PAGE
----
Throughout a career chronicling the poor and disenfranchised, the Belgian filmmaking duo Jean-Pierre and Luc Dardenne have trained their handheld cameras on patterns of behavior, as if their characters are penned in by an invisible fence. In their 1999 breakthrough Rosetta, a 17-year-old girl has an almost feral determination to scrap for whatever odd jobs or low-wage gigs she can get to move her and her alcoholic mother out of a trailer park. The title of their superb 2014 drama Two Days, One Night refers to the amount of time a factory worker (Marion Cotillard) has to persuade her fellow employees to give up their bonuses so she can keep her job. Desperation gives them a narrowness of purpose.
The Dardennes' troubling new film, Young Ahmed, trades these economic borders for ideological ones, and it's drawn controversy from the moment its synopsis was made public. In short, it's about a 13-year-old Belgian boy who, under the influence of an extremist imam, tries to kill his teacher. It's about a lot more than that, but questions have been raised about the Dardennes' fitness for telling the story at all, given that they're white Europeans who's previous work expresses a distinctly Christian perspective on redemption and forgiveness. At the same time, they have aligned themselves closely with the marginalized since La Promesse, their heartbreaking 1996 drama about the plight of undocumented immigrants. So perhaps they deserve the benefit of the doubt.
For the Dardennes, the central question of Young Ahmed is how a Muslim boy raised in the liberal democracies of Europe could reject those values in favor of religious extremism. And in the character of the teacher, a well-meaning and empathetic soul, they could suggest a larger fecklessness on the part of European culture to reach boys like him while they're still so suggestible. It's a hugely flawed effort, turning many of the directors' strengths into liabilities, but it's also more thoughtful and complex than the insta-condemnations that were rained down on the basis of its premise alone.
The film picks up with Ahmed (Idir Ben Addi) already past the point of no return. He has committed himself to the teaching of a radical imam (Othmane Moumen) who enforces a strict and fiercely patriarchal reading of the Quran, and it has transformed his relationships overnight at home and school. Seeking a purity in his own life, he lashes out at his single mother (Claire Bodson) for her drinking and at his older sister for her love life, and he refuses to shake the hand of his teacher, Inès (Myriem Akheddiou) because she's a woman. He also criticizes Inès for trying to teach Arabic in song, rather than from the Quran directly.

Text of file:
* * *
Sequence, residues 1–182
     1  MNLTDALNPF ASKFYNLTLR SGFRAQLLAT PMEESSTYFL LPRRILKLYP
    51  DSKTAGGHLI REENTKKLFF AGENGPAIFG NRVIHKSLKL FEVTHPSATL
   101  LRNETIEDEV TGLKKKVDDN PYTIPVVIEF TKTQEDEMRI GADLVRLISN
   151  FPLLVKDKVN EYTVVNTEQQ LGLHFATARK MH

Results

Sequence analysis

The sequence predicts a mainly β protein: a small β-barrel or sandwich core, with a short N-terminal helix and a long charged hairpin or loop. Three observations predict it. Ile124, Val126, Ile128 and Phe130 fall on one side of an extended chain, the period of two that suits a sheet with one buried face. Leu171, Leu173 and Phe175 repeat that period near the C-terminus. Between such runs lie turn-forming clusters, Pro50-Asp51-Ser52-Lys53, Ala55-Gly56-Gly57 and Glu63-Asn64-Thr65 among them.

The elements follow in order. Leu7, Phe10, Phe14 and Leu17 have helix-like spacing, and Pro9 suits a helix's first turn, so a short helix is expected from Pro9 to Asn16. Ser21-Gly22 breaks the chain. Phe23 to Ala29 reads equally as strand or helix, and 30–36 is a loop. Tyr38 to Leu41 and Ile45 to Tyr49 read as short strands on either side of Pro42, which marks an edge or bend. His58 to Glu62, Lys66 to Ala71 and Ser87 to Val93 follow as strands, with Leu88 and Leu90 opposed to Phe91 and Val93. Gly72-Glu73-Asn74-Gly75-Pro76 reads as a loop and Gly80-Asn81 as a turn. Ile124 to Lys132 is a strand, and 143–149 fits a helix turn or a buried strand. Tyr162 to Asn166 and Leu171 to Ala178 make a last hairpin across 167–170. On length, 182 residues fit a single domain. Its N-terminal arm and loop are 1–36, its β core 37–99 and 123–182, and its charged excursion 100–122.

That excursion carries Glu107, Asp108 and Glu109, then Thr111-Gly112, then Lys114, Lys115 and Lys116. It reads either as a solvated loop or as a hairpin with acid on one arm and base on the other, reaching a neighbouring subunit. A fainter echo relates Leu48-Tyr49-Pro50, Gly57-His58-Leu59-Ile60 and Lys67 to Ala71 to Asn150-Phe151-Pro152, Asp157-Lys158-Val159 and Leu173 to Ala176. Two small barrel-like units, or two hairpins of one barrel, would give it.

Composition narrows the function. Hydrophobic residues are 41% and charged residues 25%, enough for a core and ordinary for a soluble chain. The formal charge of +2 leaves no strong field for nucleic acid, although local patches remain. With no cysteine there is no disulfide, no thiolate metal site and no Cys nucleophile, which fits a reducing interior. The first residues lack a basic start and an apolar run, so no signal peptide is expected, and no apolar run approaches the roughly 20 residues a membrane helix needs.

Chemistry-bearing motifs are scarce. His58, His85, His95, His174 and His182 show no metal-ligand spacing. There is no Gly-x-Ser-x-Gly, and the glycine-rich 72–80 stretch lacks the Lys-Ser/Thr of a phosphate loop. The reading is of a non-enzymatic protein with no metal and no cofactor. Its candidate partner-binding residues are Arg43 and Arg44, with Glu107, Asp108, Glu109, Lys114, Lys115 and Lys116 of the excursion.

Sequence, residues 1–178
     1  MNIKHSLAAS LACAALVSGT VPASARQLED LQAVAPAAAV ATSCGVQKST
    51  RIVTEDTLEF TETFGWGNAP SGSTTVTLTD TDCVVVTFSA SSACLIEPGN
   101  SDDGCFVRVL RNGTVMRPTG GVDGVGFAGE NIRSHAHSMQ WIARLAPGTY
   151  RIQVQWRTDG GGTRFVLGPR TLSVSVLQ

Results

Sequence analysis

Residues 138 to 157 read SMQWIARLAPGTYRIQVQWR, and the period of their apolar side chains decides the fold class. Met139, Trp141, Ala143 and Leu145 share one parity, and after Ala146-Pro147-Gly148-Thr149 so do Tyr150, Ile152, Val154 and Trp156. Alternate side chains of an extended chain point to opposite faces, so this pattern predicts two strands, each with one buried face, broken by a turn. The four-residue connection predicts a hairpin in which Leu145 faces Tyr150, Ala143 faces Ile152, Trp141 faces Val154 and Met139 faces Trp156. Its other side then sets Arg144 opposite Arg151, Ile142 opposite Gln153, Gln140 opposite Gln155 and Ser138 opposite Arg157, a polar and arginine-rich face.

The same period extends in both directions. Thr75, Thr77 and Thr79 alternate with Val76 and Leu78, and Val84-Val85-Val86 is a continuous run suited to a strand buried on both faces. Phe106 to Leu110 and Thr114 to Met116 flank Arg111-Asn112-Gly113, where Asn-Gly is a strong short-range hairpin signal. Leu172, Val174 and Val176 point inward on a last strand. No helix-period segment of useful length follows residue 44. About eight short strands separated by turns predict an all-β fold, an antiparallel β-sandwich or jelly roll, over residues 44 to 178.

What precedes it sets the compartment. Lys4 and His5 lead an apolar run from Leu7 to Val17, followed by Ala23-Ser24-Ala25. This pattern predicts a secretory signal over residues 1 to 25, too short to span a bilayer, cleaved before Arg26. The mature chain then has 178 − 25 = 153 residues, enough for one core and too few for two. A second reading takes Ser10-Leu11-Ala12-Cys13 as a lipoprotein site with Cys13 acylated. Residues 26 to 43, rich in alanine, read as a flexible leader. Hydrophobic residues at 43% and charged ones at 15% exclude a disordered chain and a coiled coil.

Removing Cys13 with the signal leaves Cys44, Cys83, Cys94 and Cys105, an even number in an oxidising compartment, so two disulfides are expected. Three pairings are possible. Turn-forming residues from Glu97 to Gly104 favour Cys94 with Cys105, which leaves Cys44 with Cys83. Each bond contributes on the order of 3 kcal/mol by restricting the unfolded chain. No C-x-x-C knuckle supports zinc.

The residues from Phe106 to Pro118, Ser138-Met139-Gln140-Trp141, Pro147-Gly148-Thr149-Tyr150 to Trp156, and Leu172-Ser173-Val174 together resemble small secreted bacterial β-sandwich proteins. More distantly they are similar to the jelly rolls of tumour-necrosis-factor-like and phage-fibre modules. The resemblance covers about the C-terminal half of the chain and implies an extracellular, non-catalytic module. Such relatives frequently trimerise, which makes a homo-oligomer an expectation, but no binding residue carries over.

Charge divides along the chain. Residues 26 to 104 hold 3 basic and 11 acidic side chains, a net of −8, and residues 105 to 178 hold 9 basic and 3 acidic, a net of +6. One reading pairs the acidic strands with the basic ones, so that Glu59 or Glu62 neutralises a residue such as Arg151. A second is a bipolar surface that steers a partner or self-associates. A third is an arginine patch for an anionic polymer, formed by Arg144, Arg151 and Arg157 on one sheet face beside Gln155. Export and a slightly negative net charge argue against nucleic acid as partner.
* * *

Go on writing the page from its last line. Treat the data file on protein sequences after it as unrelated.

Ahmed goes beyond his imam's instructions, however, when he attacks Inès with a knife outside her apartment and barely fails in his mission, which lands him in a rehabilitation center. His time under lock and key doesn't do much to alter his behavior—the Dardennes suggest such institutions do the opposite, if anything—but he does soften a bit while working on a farm, where he develops a tentative friendship with a like-aged girl named Louise (Victoria Bluck). Louise may not change him, but she does confuse him, much in the way all inexperienced teenagers are confused by that first inkling of romantic interest.
The Dardennes, by nature, hold out hope for characters like Ahmed to find their way, like the 12-year-old orphan in The Kid with a Bike, who responds to the attention of a sympathetic adult after being abandoned to state care. Ahmed's situation is tougher, because he so walled-in by extremist dogma, yet the Dardennes still see him as a child, vulnerable not only to his imam, but to the contrary inputs at war for his soul. He's not completely unreachable, but he's heading fast down an alarming path.
The main problem with Young Ahmed is that there's not enough context to understand his behavior, so the Dardennes leave the audience to fill in those crucial blanks. Because we pick up on Ahmed after he's cordoned off his family and his teacher, it can't be known how he's come to reject the dominant European culture and embrace a violent misogyny that leaves his mother and his teacher so suddenly in the cold. The Dardennes are more aesthetically inclined to attach themselves to his hip and allow his actions to map out the limits of his thinking, which flattens him out psychologically. He's a child on a mission, but it's hard to guess how he got there.